If you’re coming to the end of your fixed rate mortgage deal, there are a few options open to you and the route you take will be dependant on your circumstances. Whether you previously fixed for five years or just two, interest rates and mortgage deals can look very different from when you signed your last contract. So, it’s best to explore all your options before rushing into your next agreement.
What should you do when your fixed rate mortgage deal comes to an end?
There are four main options open to you when your fixed mortgage deal comes to an end. These include:
1) Paying the higher standard variable rate
When your fixed rate mortgage deal comes to an end, you’ll automatically be transferred onto the higher standard variable rate if you do not take action. While this may suit some people, for most, it usually isn’t the best option.
If you opt to go onto the higher standard variable rate, you’ll no longer be bound by early repayment charges. That means you can overpay your mortgage as much as you like, or even pay it off in full, without facing any sanctions. That’s perfect if you want to clear your mortgage debt quicker or have found yourself in a position where you can pay the rest of the debt off entirely.
There is also the potential that the interest rate will go down. Although, when you initially move onto a standard variable rate mortgage the interest rate is likely to be higher than what you were previously paying, there is the potential that the lender will lower their rates in the future and therefore your monthly repayments will be reduced.
You also won’t be faced with any arrangement fees or other costs involved with securing a new mortgage deal.
The main downfall of standard variable rate mortgages is the higher interest rates they are usually associated with. When you first move onto a standard variable rate, you’ll probably notice that your monthly repayments go up.
The flexible nature of the loan means that at any given moment, the lender can put their interest rates up and you may end up with monthly repayments which you cannot afford.
2) Get another fixed rate deal from your current lender
Once your fixed rate mortgage deal has come to an end, you’ll have the opportunity to secure another fixed rate deal from your current lender.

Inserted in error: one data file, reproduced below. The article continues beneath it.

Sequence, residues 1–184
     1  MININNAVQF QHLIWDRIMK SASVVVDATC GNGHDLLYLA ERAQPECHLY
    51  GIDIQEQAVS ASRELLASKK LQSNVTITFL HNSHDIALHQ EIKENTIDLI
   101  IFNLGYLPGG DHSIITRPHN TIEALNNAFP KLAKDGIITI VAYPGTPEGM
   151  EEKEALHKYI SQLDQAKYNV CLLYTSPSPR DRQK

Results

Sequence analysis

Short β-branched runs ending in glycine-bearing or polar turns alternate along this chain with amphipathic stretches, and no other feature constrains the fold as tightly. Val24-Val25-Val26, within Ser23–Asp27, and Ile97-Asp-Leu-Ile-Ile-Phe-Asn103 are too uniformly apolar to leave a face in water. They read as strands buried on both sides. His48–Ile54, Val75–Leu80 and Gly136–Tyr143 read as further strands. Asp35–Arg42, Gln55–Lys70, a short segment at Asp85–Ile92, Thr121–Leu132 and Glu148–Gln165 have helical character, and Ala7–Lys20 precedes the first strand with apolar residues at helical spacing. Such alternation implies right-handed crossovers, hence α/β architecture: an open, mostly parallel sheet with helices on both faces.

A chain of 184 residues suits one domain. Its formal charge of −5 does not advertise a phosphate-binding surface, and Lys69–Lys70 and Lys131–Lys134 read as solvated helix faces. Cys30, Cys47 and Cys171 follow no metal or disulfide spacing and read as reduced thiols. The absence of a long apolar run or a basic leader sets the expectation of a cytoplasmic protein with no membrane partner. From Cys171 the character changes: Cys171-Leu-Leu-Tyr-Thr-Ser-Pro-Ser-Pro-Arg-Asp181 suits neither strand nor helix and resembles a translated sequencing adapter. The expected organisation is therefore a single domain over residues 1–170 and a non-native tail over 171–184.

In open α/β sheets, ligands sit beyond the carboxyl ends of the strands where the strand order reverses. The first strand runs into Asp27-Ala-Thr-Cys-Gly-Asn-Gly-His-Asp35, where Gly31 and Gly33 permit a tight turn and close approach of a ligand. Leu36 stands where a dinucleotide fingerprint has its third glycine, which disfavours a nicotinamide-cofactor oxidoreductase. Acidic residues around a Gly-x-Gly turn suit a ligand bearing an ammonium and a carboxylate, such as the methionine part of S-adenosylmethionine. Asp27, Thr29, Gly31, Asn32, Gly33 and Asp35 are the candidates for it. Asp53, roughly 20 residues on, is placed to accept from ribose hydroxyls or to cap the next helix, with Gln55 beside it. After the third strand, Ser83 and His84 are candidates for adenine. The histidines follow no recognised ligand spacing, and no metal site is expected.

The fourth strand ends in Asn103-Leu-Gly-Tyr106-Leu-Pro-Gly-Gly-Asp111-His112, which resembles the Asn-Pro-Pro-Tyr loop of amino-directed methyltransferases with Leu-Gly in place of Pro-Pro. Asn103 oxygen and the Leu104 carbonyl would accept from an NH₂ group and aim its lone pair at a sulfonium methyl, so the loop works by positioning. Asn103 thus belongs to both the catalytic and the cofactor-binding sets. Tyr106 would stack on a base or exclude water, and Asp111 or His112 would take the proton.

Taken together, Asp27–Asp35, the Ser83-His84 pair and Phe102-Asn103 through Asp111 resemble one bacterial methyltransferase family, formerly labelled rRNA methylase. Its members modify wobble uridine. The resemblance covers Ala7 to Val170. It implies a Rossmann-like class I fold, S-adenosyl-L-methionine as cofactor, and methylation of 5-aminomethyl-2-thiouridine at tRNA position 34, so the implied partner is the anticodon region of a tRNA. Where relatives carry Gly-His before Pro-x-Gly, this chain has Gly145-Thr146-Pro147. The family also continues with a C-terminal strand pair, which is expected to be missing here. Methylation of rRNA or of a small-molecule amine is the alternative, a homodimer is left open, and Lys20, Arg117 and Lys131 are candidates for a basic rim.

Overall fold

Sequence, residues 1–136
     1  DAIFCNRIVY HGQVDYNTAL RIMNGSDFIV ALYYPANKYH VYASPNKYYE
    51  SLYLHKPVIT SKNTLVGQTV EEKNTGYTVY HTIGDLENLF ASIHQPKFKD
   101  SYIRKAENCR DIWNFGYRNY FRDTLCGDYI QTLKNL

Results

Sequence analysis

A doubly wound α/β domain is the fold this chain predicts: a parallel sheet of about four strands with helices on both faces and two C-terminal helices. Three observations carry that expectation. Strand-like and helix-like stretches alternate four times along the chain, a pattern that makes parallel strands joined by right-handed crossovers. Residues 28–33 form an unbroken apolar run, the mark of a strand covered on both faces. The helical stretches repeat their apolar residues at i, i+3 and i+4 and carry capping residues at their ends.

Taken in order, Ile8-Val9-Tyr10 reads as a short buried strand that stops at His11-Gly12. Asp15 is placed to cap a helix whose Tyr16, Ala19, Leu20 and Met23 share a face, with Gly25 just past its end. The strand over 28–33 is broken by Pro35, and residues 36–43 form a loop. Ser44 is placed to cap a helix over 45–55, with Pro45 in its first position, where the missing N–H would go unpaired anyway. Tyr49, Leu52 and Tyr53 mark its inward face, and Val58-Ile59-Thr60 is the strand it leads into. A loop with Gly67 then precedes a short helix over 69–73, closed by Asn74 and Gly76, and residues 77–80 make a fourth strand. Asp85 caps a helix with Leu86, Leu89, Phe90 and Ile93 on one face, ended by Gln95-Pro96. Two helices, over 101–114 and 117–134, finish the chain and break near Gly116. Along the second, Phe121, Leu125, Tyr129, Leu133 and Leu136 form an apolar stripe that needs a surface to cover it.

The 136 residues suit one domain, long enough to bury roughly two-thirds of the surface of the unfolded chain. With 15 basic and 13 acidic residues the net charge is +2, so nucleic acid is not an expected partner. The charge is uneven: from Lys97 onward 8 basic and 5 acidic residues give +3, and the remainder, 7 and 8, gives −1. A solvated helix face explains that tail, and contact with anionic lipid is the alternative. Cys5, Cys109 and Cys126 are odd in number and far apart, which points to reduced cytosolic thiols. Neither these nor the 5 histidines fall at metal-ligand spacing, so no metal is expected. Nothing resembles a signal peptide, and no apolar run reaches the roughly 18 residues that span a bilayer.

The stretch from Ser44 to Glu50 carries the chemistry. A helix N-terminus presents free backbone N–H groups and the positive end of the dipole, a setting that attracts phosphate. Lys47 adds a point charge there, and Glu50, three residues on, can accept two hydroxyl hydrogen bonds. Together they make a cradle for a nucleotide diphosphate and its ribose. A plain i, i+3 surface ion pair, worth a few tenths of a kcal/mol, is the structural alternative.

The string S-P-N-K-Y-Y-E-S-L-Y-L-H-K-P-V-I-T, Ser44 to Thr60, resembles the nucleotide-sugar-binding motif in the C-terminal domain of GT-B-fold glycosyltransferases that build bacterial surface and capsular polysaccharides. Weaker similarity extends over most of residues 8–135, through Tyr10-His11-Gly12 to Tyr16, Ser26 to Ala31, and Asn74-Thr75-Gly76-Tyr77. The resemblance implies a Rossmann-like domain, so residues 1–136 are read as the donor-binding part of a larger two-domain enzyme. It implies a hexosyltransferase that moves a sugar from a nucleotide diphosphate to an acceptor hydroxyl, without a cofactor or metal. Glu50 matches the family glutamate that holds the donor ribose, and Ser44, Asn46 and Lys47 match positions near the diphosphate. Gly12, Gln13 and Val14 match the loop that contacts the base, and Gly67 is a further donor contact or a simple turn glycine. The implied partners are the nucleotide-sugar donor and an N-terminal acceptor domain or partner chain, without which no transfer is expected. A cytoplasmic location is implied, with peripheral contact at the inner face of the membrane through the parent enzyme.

By staying with the same provider, you won’t have to pay the fees associated with legal paperwork and valuations. You would’ve already gone through this process when you first secured a deal with the lender, so they’ll already have all the information they need about your property.
It also means that you can secure your new deal a lot quicker. Paperwork and valuations associated with moving to a new lender can take a few months to sort and organise, but you can often secure a new deal with your current provider within a matter of days.
The main issue with moving to a new deal with the same lender is that they may not be offering the best deal in the market. You might find that other lenders will be willing to give you deals with much better interest rates; saving you money on your monthly repayments.
3) Get a different mortgage with your current lender
When you reach the end of your fixed rate mortgage deal, you might realise you no longer want to be on a fixed deal. And if the standard variable rate doesn’t suit, there are other mortgage products you could explore such as tracker mortgages, interest-only mortgages or offset mortgages.
While the pros of each of these mortgage types will be different, the one thing they have in common is flexibility. Whether that’s no early repayment charges or flexibility on how you save to pay off your mortgage, they tend to be less rigid than fixed rate deals.
These mortgage types can change, the interest rate you are paying could go up and so leave you out of pocket. Generally, as well, if you want more flexibility then that comes at a premium.
4) Remortgage to a new lender
At the end of your fixed rate mortgage deal, you’ll also have the option to move to a new lender.
The main reason why you might remortgage to a new lender is to secure a preferential rate. Often, a new lender might be able to offer you a better deal than what your current lender can offer you, and you’ll be able to make savings on your monthly repayments.
Other pros include freebies, incentives, and cashback which many lenders now offer their customers to entice new business. For example, they may pay your arrangement fee for you, or give you a sum of money after you’ve completed (often to cover the legal fees).
While some lenders might cover arrangement and legal fees for you, others won’t. So, it’s important to check what costs might be involved when making a move to a new lender.
The next steps
If you’re 3-4 months out from the end of your current fixed rate mortgage deal, now is the best time to start considering your options. If you want help determining the best route for you based on your circumstances, why not get in touch with The Surrey Mortgage Broker?
We’ll be happy to offer you a no obligation, free initial consultation to help you understand which of these options are open to you, and which would be the best choice moving forward.
You can contact Richard on email@example.com or call him on 01252 759 233.